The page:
Right now there is a glut in basically everything. There is far more oil and fuel than the world needs, resulting in the greatest super contango ever seen (a condition where the spot price of a commodity is much lower than the future price). As oil markets normalize, and it’s anyone’s guess if, when, and how they will — structural changes introduced by #IMO2020 will once again have visible effects. This is what I foresee:
- There will be high levels of residual fuel builds as the world works through massive inventory builds in heavy/medium sour crudes which flooded the market during the oil price war and demand slump. Scrubber consumption will be lower than anticipated as many scrubber retrofits were cancelled due to COVID-19 collapsing the LSFO/HSFO spread.
- Low sulphur fuel stocks (currently also at very high levels) will deplete much faster than high sulphur fuel stocks. LSFO/HSFO spread will once again widen.
- Heavy/medium sour crude stocks will deplete much more slowly than heavy/medium sweet crude stocks.
- Storage of high sulphur residual fuel will be a long term structural problem.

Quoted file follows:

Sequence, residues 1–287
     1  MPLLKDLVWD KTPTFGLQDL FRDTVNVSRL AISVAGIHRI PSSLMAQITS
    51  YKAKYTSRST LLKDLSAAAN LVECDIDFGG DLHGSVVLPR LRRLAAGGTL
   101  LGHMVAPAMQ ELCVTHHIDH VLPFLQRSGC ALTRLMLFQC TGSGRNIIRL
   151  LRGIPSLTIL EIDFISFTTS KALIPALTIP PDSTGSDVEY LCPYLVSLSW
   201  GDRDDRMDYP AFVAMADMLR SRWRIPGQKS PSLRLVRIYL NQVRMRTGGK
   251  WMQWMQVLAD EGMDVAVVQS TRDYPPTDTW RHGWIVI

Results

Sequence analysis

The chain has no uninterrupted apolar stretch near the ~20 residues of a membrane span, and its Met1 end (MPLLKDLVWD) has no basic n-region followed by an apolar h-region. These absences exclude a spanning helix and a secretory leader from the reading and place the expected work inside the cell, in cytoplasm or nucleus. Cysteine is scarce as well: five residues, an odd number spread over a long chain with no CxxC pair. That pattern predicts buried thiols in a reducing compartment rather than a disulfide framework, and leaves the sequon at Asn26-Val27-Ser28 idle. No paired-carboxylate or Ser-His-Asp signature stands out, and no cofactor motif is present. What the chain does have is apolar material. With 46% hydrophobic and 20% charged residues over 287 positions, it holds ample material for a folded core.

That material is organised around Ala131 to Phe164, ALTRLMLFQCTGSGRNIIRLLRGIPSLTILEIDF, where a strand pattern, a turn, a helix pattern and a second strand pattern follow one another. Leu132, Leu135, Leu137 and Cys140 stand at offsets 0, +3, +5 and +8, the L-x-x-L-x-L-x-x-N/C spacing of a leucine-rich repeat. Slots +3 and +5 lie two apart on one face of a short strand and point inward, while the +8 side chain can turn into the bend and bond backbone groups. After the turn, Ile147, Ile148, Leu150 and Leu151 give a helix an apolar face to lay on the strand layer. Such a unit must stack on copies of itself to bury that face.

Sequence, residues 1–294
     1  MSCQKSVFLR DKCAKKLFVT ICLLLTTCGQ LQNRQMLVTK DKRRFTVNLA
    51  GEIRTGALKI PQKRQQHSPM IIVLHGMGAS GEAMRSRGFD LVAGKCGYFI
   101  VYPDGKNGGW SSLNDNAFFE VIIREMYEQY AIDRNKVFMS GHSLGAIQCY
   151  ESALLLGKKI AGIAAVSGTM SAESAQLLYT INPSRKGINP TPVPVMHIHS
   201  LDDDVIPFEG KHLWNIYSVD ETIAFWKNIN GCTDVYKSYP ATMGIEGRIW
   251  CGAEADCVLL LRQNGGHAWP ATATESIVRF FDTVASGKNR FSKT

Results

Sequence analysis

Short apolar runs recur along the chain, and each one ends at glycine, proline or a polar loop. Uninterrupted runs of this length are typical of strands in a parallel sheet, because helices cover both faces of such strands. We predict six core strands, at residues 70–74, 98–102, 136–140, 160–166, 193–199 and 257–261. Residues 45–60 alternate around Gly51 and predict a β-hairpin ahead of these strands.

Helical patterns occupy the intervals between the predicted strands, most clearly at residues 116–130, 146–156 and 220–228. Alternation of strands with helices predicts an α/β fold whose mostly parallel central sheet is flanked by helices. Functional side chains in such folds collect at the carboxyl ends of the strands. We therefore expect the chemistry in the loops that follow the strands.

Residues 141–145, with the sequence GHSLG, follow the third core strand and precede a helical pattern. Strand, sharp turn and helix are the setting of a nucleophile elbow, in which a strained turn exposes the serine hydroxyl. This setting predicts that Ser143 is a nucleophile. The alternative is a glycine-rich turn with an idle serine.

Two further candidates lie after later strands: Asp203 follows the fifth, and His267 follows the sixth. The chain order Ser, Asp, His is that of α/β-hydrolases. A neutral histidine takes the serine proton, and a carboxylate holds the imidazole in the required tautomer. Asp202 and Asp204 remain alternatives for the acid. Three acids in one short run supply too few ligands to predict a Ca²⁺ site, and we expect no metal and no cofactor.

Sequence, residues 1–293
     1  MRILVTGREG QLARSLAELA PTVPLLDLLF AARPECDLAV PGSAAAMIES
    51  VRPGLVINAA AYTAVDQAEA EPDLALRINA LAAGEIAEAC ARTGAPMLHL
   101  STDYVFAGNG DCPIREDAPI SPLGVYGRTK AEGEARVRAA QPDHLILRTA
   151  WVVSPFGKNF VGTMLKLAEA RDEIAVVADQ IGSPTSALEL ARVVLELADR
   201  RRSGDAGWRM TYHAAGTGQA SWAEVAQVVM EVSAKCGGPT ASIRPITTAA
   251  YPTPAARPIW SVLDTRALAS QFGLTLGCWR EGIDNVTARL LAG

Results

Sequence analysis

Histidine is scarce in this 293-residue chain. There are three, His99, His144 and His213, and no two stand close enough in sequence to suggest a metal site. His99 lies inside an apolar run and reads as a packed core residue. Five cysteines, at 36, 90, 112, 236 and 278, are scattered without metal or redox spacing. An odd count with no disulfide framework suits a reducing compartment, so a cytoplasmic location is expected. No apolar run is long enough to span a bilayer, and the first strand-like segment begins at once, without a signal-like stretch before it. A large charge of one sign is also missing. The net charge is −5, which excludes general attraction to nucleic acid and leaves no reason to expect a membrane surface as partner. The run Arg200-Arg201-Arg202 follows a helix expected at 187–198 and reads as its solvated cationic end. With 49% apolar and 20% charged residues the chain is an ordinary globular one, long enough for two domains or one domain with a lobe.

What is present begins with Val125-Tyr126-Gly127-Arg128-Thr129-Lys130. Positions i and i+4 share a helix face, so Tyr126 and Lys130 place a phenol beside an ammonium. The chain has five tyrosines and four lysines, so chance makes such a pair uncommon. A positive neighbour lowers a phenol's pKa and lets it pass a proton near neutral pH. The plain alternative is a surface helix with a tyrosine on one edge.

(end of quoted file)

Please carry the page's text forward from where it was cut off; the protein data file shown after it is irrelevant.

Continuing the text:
In other words, many oil market analysts seem to view oil as a single commodity. They see “de-stocking” as something that happens uniformly — all crudes being equal and levels reducing uniformly. I think this analysis is faulty. I think some crudes stored during COVID-19 demand destruction will stay in storage much longer than anyone thinks due to a return of refining economics driven by #IMO2020 structural changes. I think the future of the oil market, which is ultimately driven by the refining complex, is more unpredictable than ever.
Is it hard to model? Yes. But I believe this is a thesis that merits real exploration as I believe there is a lot of opportunity here. High level profit ideas?
- Scrubbers are cool again (spreads widen)
- High complexity refiners (if they can survive) will experience a return to the glory we saw in Q4
- Heavy/medium sweet crude will dramatically outperform the rest of the crude oil market. The prime fields are found in the North Sea, West Africa, Western Australia, and South America. There’s a reason KSA bought a billion dollars worth of Equinor.
- Tanker earnings and oil trading routes will continue to be highly unpredictable. We will continue to see things with no historical precedent.
#IMO2020 was widely viewed as a “hurricane” about to hit the oil industry. Companies spent years shifting their entire business strategy to focus on the structural changes it would bring. Then COVID-19 hit. Oil traders literally went bankrupt betting on its structural effects, and refiners and bunker suppliers saw their business plans evaporate overnight.
It has not been cancelled but delayed. Mark my words, #IMO2020 is still the most important long term investment theme in the oil markets, and COVID-19 could even exacerbate its effects, which were partially masked by historic shale capacity coming online.